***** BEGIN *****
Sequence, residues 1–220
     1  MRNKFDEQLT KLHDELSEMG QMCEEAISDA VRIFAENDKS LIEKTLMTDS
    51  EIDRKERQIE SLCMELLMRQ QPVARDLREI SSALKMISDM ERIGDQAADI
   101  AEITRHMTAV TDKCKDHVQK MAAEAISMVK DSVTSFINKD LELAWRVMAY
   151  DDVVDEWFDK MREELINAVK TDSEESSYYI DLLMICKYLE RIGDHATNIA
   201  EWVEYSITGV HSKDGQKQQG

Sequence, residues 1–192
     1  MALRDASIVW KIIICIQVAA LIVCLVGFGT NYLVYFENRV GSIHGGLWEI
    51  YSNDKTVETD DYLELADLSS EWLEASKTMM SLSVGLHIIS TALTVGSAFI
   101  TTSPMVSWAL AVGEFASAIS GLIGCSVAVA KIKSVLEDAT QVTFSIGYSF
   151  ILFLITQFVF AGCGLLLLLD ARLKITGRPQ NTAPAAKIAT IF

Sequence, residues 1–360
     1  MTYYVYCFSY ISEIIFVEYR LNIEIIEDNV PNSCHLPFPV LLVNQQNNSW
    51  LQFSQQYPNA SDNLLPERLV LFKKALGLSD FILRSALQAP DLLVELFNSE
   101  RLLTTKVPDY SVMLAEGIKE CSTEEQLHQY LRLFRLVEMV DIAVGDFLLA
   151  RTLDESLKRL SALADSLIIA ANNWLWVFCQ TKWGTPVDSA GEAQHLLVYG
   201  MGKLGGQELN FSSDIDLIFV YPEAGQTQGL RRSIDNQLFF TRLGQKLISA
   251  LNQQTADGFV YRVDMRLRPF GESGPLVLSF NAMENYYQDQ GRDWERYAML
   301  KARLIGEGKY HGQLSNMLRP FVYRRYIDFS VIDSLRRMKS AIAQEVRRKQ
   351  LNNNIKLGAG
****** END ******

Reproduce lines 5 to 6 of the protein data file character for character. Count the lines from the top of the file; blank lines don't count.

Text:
   151  DDVVDEWFDK MREELINAVK TDSEESSYYI DLLMICKYLE RIGDHATNIA
   201  EWVEYSITGV HSKDGQKQQG